In a discussion while visiting with a parishioner, some years ago, the lady said that she told her three menfolk that if they weren't going to do so ...

... they were going to clean the bathroom!

Two-thirds of her "menfolk" have been on their own for over 30 years.

She died last year.

Men who live alone ... clean their own bathroom, regardless.

o j


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RE: Missing new ideas

I find some of these posts,hmmm. Like one poster said, if you can afford a computer and pay for internet service, you can afford toilet paper! I never used cloth diapers either with any of my three children. Oh , the bacteria you people are messing with is disgusting just to save a few dollars. oh my. I would rather have not read this, disturbing. We don't live in 1892.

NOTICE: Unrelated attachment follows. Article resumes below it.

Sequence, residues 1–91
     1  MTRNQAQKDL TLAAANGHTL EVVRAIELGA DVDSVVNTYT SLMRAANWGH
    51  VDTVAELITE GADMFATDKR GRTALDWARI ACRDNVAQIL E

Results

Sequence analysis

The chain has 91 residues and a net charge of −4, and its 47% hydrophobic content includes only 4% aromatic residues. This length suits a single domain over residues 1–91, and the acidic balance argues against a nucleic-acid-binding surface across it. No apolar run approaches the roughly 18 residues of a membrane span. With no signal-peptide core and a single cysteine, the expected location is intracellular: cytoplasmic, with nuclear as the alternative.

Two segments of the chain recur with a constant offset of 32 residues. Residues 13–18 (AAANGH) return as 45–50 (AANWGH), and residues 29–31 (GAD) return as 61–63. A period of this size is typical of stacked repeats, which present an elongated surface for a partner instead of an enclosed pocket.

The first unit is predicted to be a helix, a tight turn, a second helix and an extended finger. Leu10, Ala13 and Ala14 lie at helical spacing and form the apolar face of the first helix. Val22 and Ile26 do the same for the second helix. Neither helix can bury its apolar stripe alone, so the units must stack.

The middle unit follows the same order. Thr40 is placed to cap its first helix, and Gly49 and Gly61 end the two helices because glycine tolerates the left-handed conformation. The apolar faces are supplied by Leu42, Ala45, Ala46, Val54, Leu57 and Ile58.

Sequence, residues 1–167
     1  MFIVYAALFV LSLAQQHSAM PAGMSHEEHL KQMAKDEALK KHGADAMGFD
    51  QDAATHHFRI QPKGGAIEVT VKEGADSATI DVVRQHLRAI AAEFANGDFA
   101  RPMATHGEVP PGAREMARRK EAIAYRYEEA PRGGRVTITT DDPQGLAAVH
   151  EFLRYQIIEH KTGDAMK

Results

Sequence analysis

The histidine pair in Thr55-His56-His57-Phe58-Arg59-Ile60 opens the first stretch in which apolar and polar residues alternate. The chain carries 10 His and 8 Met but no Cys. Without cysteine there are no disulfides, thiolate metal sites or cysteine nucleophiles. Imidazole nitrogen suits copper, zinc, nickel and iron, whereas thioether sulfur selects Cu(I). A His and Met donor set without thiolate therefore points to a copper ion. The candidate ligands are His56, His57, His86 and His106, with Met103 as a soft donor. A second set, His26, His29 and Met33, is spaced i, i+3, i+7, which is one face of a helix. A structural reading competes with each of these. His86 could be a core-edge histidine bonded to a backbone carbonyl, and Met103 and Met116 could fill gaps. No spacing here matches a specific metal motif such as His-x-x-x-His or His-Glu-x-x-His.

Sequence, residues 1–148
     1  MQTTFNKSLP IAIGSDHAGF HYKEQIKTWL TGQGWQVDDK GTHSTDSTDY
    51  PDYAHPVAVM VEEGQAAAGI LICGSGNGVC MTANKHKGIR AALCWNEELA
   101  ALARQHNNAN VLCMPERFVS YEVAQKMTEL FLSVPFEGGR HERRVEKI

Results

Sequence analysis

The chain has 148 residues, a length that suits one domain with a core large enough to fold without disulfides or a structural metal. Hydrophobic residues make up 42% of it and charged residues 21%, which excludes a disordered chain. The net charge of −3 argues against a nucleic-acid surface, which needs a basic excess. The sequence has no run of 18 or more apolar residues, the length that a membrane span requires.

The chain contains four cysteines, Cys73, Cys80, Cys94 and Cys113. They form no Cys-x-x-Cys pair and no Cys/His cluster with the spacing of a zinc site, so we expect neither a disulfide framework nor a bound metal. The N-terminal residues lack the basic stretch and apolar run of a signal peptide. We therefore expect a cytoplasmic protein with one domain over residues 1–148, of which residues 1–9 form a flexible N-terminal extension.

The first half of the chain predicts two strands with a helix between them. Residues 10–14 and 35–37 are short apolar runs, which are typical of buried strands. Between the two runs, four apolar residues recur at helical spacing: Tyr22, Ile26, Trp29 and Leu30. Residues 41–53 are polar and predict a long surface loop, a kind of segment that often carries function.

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RE: Missing new ideas

Hey everyone. I have a few money saving tips that I hope can be of some use to you. I've been "resourceful" for many years now and it has been of great benefit.

1. Document all your spending. Do this for 30 days. After the time is up, break down everything into categories (ex; food, gas, bills, entertainment, fun, waste, etc.) This way you can see where your money is going.

2. READ READ READ. Read books about money management. Dave Ramsey has lots of useful advice.

I just finished a book called "Money Saving Tips: A Poor Man's Guide to Prosperity". It's on Amazon. It was $3 but it has lots of simple and effective tips anyone can use.

3. Use the internet. You can find anything on the internet. Be resourceful. Use YouTube to "learn how" to do anything you want from fixing leaky faucets to building a porch. It's all there. You can save a ton by avoiding hefty labor fees.